For designs that require high temperature soldering and coplanarity, immersion silver and immersion tin filled that need. However, neither could meet all the demands of solder joint reliability and long shelf life. Silver is susceptible to tarnishing and creep corrosion, and tin requires a thick immersion coating to retain its solderability. Over time, copper will diffuse into the immersion tin, forming a non-solderable Cu/Sn IMC. Both immersion silver and immersion tin remain viable surface finishes with allowances made to overcome their shortcomings.
ENIG, although it is a more complex and more costly process compared to immersion silver and immersion tin, was successful in filling the need for a surface finish that is solderable with LF solder, aluminum wire bondable, and a good contacting surface with an extended shelf life. ENIG had a challenging start when it was first introduced; there were incidents of nickel corrosion under the immersion gold. The corrosion, if excessive, would interfere with IMC formation and the affected part would fail to form a reliable solder joint.
IPC ENIG Specification 4552 Rev B, issued in 2021, spelled out a method to evaluate and measure the extent of ENIG nickel corrosion. Now that there is a method to measure and quantify nickel corrosion, the defect is on its way to being eliminated. “You can’t fix what you can’t measure.”
ENIG remained a popular finish for parts that required its attributes. The next challenge was the need for an additional attribute and that was gold (Au) wire bonding. ENIG is not Au wire bondable because of the possible diffusion of nickel into the thin immersion gold layer. A diffusion barrier was needed to prevent the nickel from reaching the surface. Electroless palladium was the answer and ENEPIG (electroless nickel/electroless palladium/immersion gold) was the right finish when the desired attributes included Au wire bonding.
As military and aerospace boards continued to advance into RF signal propagation, there was a need for a new class of finishes that did not include electroless nickel. RF signals travel along the surface of the trace and the presence of electroless nickel would interfere with high frequency (RF) signal propagation.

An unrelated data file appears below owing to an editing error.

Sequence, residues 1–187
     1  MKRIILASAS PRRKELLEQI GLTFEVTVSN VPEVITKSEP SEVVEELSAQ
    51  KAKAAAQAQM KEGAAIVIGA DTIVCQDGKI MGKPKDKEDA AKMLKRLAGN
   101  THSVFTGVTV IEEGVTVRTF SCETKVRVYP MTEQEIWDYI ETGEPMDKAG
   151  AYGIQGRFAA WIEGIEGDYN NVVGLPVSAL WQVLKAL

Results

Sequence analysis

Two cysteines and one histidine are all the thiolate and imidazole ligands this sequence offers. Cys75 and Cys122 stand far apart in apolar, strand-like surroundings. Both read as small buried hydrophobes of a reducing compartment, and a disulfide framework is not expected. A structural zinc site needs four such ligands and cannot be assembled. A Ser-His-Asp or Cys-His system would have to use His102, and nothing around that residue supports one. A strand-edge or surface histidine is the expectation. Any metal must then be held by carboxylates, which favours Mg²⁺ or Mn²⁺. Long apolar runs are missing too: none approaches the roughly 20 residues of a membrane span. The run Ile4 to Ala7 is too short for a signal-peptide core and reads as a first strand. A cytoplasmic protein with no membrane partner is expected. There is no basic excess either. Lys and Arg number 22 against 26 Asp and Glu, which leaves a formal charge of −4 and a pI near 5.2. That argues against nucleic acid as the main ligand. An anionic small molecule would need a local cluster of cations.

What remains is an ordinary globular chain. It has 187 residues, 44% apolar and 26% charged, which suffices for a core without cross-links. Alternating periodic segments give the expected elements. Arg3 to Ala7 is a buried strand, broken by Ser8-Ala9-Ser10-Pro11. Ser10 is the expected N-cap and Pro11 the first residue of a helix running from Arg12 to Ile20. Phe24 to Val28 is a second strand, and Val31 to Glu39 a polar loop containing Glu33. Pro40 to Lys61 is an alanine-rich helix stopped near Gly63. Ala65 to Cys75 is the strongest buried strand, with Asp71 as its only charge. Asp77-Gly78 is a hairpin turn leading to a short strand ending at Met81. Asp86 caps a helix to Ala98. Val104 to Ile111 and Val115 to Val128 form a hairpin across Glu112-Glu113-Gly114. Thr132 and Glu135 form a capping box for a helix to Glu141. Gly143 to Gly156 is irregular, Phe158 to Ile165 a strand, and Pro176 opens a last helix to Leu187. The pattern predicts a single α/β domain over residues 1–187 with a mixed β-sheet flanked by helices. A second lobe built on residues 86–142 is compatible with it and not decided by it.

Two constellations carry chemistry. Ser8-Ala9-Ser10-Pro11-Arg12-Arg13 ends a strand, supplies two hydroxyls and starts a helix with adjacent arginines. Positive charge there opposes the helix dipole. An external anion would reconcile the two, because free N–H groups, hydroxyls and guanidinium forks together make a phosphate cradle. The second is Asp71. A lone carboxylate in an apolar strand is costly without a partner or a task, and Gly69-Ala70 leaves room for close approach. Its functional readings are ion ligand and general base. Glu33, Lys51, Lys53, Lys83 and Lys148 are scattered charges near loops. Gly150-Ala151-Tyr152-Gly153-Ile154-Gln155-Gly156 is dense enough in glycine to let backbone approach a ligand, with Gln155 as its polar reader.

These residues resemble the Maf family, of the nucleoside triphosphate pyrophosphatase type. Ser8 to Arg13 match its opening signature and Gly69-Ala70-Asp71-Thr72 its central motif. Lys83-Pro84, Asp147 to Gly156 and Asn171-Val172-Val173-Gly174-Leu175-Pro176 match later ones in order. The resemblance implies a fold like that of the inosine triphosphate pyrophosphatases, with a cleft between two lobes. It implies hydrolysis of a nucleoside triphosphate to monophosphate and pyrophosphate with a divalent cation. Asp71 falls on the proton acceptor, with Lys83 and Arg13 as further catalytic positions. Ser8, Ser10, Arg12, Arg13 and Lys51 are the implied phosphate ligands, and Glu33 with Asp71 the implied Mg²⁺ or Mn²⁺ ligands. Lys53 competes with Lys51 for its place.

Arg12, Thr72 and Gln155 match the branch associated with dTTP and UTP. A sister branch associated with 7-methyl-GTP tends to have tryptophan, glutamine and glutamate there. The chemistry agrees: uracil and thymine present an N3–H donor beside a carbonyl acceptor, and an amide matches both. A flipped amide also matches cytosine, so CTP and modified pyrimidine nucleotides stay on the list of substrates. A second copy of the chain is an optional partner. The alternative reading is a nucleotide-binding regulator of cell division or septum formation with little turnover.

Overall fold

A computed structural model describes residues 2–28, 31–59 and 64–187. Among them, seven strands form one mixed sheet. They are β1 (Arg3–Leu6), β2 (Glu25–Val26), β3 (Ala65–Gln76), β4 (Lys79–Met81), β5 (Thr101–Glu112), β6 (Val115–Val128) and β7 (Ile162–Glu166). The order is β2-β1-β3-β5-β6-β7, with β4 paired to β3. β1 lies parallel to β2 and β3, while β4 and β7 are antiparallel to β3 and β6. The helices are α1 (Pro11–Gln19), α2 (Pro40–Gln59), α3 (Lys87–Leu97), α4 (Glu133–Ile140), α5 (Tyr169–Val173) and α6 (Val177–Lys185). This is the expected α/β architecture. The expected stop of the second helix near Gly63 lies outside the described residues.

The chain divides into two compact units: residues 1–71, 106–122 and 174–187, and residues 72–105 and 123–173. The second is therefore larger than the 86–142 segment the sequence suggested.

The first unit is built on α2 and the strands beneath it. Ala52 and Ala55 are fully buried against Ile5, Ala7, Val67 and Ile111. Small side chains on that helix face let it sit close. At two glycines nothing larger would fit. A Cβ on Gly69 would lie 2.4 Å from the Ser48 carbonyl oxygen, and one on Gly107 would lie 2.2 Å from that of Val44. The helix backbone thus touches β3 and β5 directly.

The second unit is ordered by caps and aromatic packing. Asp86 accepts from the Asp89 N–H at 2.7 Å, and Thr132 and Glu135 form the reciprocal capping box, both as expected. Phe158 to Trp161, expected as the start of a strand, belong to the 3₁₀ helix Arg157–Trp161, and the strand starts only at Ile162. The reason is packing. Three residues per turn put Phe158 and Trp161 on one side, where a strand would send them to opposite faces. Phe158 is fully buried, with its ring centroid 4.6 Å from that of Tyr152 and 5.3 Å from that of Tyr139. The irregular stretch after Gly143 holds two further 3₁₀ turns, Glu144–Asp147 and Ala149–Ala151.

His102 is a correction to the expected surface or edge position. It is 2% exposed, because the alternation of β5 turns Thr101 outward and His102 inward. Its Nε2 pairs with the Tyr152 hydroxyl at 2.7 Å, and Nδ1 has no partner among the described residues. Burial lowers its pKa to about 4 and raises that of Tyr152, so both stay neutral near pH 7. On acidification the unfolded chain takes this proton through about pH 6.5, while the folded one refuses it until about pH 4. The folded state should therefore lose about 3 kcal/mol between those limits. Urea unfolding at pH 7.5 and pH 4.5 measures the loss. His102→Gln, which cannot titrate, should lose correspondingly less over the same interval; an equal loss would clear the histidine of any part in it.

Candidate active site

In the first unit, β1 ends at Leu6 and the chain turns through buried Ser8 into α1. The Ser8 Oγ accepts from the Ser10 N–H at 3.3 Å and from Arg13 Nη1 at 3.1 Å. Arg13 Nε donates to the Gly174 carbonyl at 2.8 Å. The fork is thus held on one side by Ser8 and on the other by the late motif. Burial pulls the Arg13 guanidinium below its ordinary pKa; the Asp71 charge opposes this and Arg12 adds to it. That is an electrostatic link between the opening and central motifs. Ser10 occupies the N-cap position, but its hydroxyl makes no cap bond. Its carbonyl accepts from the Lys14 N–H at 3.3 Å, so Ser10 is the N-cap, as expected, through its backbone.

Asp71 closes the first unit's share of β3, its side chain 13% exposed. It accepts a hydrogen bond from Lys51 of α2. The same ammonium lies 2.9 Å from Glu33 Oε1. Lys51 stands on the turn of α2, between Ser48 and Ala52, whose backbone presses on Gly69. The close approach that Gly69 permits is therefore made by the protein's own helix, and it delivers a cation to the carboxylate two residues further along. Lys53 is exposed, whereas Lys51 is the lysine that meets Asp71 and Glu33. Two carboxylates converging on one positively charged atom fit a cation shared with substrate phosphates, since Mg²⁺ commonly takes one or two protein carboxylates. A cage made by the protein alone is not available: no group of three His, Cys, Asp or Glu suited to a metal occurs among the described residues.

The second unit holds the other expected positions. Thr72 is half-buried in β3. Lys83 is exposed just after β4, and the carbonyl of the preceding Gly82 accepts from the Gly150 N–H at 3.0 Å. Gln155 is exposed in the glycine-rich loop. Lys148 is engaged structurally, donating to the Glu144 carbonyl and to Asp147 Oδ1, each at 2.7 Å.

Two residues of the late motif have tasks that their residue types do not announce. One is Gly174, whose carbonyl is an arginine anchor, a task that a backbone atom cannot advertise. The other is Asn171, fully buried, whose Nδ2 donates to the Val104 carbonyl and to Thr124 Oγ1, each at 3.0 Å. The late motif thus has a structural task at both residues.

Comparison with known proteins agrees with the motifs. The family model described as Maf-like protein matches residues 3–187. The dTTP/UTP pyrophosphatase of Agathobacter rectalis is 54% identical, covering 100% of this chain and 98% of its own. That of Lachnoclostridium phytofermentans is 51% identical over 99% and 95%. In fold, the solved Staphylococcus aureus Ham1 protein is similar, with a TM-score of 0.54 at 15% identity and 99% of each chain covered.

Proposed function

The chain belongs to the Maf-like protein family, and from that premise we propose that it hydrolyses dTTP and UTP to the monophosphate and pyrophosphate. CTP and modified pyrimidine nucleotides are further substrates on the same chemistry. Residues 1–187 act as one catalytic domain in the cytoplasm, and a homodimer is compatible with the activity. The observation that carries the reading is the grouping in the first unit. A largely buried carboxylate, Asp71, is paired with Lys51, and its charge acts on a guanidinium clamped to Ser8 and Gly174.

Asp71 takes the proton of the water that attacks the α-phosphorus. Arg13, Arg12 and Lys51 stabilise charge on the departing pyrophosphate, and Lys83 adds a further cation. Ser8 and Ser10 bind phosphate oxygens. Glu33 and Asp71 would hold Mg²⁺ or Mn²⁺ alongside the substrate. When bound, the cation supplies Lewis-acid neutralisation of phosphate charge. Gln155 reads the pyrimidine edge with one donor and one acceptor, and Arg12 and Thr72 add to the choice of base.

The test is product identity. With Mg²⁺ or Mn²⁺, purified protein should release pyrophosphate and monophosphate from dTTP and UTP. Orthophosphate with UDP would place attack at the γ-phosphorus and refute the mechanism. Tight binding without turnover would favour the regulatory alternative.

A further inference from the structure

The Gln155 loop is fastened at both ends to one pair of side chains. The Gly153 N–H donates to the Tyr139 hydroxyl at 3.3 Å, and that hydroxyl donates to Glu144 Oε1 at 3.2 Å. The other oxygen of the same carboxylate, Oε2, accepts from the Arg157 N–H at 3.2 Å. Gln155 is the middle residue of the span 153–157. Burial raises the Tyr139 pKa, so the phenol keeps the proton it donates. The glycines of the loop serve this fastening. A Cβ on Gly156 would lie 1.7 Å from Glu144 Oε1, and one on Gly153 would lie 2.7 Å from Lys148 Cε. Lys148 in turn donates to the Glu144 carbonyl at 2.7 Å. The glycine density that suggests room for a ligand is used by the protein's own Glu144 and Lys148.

One way to achieve this was to dramatically reduce the thickness of the nickel layer in ENEPIG to below 0.1 micron. Other finishes, including EPIG or EPAG (electroless palladium/immersion gold or electroless palladium/autocatalytic gold), eliminated the nickel completely. These finishes relied on catalyzing the copper surface with immersion palladium; a more advanced system to achieve the same goal is using immersion gold to catalyze the copper surface. IGEPIG (immersion gold/electroless palladium/immersion gold) was shown to provide a more reliable solder joint.
Still another option was to also eliminate the palladium and immerse gold directly on copper, immersion gold (DIG). A new development in DIG is reduction-assisted immersion gold. RAIG deposits a thicker gold layer (6-8 µins) that prevents the diffusion of copper into the gold wire bonding surface.
Newer and advanced surface finishes are constantly being researched, tested, and implemented. It is important to keep in mind that all the SFs mentioned above are presently used in board fabrication. More advanced finishes are beginning to make headway as the higher technology boards continue to use high RF signals in their designs. Stay tuned.
This column originally appeared in the October 2022 issue of PCB007 Magazine.